Aug 1, 2023 - Climate

Tampa Bay clocks hottest month on record in July

Animated illustration of a melting, silhouetted palm tree against a sunny sky with heat distortion.

Illustration: Brendan Lynch/Axios

It's official. July was our hottest month ever recorded.

State of steam: The Tampa Bay area hit a record high average temperature of 86.5°, NWS Tampa Bay confirmed Tuesday to Axios. The previous area record was 86.3°.

  • Records were broken at NWS observing sites in Brooksville, Plant City, Lakeland, Sarasota-Bradenton, Punta Gorda and Fort Meyers.

Why it matters: Extreme heat can be deadly and cities around the nation are struggling to help citizens stay cool. Some of the nation's most vulnerable aren't getting enough to eat or drink.

Zoom in: Hillsborough County's office of emergency management and homeless services handed out nearly 300 "cool-down kits" and bottled water to help residents avoid dehydration, sunburn, and heat exhaustion, county spokesperson Chris Wilkerson told Axios.

  • The county, along with Tampa Police and the county sheriff's department, is ready to distribute 300 more kits in the coming week. Highs are expected to reach 94℉ later this week.

The big picture: Last month included the warmest three weeks yet recorded worldwide, Axios' Andrew Freedman reports.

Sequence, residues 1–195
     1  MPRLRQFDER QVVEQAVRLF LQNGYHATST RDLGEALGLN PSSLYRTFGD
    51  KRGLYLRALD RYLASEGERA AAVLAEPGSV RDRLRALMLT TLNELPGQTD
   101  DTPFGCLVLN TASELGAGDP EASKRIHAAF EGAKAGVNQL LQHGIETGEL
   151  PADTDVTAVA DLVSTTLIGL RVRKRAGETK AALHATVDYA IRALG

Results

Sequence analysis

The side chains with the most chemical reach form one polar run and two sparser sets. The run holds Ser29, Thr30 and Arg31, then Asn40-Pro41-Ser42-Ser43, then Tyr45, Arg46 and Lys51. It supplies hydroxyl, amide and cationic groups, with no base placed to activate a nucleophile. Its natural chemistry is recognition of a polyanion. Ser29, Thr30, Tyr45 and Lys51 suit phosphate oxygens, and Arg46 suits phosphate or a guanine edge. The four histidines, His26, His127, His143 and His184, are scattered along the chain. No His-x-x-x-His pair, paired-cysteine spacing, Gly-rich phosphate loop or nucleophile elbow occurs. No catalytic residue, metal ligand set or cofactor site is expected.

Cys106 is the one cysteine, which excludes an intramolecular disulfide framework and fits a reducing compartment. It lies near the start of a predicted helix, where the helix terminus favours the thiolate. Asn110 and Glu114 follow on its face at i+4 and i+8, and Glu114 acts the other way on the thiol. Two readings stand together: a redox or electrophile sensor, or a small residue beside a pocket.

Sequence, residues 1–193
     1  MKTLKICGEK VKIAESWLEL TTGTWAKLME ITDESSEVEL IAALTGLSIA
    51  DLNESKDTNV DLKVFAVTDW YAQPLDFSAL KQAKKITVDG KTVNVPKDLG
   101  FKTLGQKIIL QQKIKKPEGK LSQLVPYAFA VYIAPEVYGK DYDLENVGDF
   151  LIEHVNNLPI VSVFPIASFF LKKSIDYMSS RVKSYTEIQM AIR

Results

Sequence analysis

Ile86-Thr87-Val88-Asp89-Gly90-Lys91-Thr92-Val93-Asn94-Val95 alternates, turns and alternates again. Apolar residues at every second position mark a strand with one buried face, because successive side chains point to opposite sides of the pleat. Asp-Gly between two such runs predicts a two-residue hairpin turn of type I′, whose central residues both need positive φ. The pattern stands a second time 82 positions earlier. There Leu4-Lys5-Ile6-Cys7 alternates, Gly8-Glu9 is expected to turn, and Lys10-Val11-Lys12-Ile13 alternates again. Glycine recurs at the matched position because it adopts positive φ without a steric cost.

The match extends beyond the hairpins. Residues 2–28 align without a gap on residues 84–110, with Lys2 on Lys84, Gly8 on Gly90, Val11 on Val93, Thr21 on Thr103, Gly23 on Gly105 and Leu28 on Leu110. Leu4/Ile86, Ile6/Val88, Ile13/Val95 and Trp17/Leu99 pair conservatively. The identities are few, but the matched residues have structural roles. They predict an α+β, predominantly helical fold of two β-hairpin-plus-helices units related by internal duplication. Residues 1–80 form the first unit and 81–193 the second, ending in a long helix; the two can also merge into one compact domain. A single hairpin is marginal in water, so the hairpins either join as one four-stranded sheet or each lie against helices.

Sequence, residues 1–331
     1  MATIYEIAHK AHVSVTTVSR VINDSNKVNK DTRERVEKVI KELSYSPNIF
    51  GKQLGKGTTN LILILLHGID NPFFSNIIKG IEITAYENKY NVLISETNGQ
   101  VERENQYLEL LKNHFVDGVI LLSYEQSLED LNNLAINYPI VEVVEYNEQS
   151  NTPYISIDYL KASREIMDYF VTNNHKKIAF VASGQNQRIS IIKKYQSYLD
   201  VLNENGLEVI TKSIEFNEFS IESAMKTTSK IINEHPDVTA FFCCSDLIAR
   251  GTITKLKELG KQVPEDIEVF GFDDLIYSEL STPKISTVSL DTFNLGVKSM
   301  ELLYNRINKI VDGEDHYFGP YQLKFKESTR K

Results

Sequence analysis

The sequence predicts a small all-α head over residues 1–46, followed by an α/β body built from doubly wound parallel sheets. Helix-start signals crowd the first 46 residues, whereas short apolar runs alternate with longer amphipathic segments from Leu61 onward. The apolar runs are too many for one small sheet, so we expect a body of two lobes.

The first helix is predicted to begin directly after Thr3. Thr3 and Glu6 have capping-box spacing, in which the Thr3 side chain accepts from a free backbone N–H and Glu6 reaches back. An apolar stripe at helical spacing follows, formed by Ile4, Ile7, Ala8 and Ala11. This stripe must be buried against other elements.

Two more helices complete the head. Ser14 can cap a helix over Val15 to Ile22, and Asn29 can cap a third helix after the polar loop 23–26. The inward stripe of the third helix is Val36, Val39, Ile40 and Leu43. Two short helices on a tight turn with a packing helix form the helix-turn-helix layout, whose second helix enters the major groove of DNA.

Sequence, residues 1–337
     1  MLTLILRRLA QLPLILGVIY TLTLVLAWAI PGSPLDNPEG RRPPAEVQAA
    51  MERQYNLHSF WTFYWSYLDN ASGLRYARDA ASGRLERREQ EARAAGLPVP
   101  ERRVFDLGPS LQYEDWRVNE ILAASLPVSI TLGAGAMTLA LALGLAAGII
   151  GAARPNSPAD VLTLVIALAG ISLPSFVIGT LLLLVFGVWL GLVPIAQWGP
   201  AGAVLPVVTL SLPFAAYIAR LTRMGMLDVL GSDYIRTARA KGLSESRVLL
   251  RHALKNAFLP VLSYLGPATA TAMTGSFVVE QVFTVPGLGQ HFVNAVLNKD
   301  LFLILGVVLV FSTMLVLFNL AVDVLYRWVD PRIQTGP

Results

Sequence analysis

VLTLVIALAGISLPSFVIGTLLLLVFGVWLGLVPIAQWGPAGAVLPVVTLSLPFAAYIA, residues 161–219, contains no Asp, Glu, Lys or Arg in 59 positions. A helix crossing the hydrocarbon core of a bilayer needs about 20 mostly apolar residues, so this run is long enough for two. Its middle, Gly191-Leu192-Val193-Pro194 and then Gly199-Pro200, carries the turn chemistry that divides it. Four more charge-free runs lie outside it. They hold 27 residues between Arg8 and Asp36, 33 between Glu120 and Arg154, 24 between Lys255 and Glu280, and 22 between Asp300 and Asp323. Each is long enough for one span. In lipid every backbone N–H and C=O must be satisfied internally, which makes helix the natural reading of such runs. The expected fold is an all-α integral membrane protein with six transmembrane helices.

• Based on paleoclimate records from tree rings and other sources, scientists said it is likely the hottest month since at least 100,000 years ago.

Between the lines: NWS Tampa Bay forecaster Yidiana Zayas-Rivera told Axios that the area's heat wave and the drought declared Saturday are being driven by a persistent westerly wind flow, which is keeping most of the rain inland.

What they're saying: Scientists around the world have firmly linked the heat to climate change.

  • Heat waves, including the marine heat wave killing corals in South Florida, are more likely to occur and more severe because of climate change, University of Miami researcher Brian McNoldy told Axios.
  • One study released last week found that the U.S. and European heat waves this summer would have been "virtually impossible" without human-caused climate change.
  • World Meteorological Organization secretary-general Petteri Taalas called July's extreme weather events, "The harsh reality of climate change and a foretaste of the future."

What's ahead: The heat isn't over yet. NWS Tampa Bay told Axios that above-average temperatures are likely to continue into October.


Get more local stories in your inbox with Axios Tampa Bay.


Support local journalism by becoming a member.

Learn more

More Tampa Bay stories

No stories could be found

Tampa Baypostcard

Get a free daily digest of the most important news in your backyard with Axios Tampa Bay.


Support local journalism by becoming a member.

Learn more